Burial of shame: How K’Ogalo fans torment villagers

By Mireri Junior: Friday, May 18th 2018 at 09:36 GMT +3 | Gossip & Rumours
Gor fans at a funeral. [File Photo]

It was a terrible scene: People bathing and having sex in the open.

In April, three Gor Mahia fans perished in a grisly road accident. Witnesses said the fans, who were headed to Kenyatta Stadium in Machakos to cheer their team, were hanging on their bus th when it tailgated into another vehicle. At least 10 other fans were injured.

When photos of the accident hit social media, commentators, including Gor fans, said they had been rudely told off when they castigated a group of rowdy diehard fans who routinely ride on the rooftop of buses or hang precariously on the sides.

Other fans stick their heads and bodies perilously out of the windows of speeding vehicles. In most cases, these fans are intoxicated and have even been captured in photos swilling copius amounts of hooch. 

It is this band of fans, hooligans if you may, who cause mindless violence in stadiums and harass motorists when their team wins or loses. They also cause ruckus at the Tom Mboya statue in Nairobi before and after a key match. 

But this type of Gor fan behaviour took an even uglier and bizarre twist in 2015, when TV comedian Bon Aggrey Okello alias Bokello died. The fans literally took over the service at Masogo Secondary School in Kisumu County, in a haste to bury Bokello before a match involving their team started.

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Prof Anyang’ Nyong’o, then the county’s senator, had to be whisked away after the disorderly youth destroyed the dais. The irate group thereafter lifted Bokello’s casket to the actor’s home in Kobura then proceeded to bury the body, reportedly in the absence of family, clergy, colleagues and friends.

That was the beginning of a disturbing trend of taking over burial ceremonies from local churches and sometimes  disrupting the events if they don’t get their way. It traumatising bereaved families in Nyanza who have described their actions as ‘cultist’ and ‘shameful’.

Speaking to The Nairobian on phone,  Tobias Kenga narrated how drunk Gor fans stormed Ong’ielo village in Asembo, Siaya County during the burial of  Kelvin Ochieng alias Jakababa and took over the ceremony.

“They became the family members, the villagers and church leaders. That was wrong and shameful,” he said.

Kenga said Luo traditions require that during burial, elders and church leaders must be part of the burial plan.

Locals were left tongue-tied when both female and male fans bathed in public at a local stream with others allegedly publicly engaging in sex as scared villagers watched from a distance.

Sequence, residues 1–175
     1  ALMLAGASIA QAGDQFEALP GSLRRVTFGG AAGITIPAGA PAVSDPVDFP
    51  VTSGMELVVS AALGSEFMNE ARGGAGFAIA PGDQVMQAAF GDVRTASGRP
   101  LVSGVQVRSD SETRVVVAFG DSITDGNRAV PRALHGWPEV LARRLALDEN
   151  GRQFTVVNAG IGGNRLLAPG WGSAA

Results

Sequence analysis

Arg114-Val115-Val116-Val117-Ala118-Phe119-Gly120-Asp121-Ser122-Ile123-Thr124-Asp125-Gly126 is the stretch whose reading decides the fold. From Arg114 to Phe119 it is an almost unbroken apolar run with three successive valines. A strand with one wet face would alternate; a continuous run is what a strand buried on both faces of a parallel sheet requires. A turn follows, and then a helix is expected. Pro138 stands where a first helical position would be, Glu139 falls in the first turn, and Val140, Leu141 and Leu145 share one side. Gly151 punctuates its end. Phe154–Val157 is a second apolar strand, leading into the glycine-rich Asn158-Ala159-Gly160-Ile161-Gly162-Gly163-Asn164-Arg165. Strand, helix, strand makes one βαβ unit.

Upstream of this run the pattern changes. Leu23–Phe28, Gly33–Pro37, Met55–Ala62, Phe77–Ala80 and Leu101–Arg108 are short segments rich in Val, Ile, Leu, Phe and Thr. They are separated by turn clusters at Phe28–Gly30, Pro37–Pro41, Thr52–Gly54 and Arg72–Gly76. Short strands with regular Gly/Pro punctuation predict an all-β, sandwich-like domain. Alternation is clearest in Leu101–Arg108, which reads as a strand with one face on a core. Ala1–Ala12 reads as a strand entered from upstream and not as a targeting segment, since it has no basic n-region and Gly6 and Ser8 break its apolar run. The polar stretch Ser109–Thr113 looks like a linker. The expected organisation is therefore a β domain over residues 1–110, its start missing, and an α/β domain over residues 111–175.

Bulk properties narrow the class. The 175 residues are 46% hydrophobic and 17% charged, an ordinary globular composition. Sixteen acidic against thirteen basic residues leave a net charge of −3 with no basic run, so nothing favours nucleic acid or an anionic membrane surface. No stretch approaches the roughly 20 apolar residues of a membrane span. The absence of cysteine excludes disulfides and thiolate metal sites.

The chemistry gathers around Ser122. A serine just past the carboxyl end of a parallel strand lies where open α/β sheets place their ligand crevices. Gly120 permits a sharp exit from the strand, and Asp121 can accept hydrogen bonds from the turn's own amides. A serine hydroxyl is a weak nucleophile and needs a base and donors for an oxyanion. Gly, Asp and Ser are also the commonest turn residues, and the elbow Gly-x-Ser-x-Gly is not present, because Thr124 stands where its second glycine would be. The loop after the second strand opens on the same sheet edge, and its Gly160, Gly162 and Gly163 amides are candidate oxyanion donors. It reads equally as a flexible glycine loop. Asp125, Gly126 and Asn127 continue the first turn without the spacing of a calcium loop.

Gor fans at Jakaba's burial. [File]

“That was a terrible scene... women and men bathing in the open and having sex in full glare of villagers. I have never witnessed such an obscene thing in my life,” said a local woman.

During the burial of Evans Odipo, popularly known as Dipis, in Ndhiwa, Homa Bay County, the fans disrupted the  ceremony and ran away with the body before burying him as villagers scampered for safety.

Trouble started when the wife of the deceased accused him of abandoning her immediately after their wedding. This statement irked one Gor fan who told the woman to stop talking ill of their late friend or face the consequences. He made good his threat, relieved her of the microphone, and threw it away as other fans joined him in shouting everyone down.

They hurriedly carried the body to the open grave, lowered the casket, poured alcohol on it and covered it with soil before chasing his wife and the deceased’s mother-in-law from the scene.

Ken Ochieng, a local who had travelled from Mombasa to attend the burial condemned the incident terming it shameful and a curse.

Ken warned that if not tamed, Gor fans will take over burial ceremonies and replace them with the uncouth mischief that comes after drinking too much booze.

“They chased everyone including the pastor and took off with the body which they buried amid weird songs as relatives and neighbours watched in shock,” he said.

Narkiso Ogwang, a local elder, declined to be interviewed, saying he did not want to remember the weird things the fans did to them in Ndhiwa.

“It is shameful to say the least. I don’t want to be drawn into it. God will punish them for the shame they transported from Nairobi to our village,” he said before hanging up.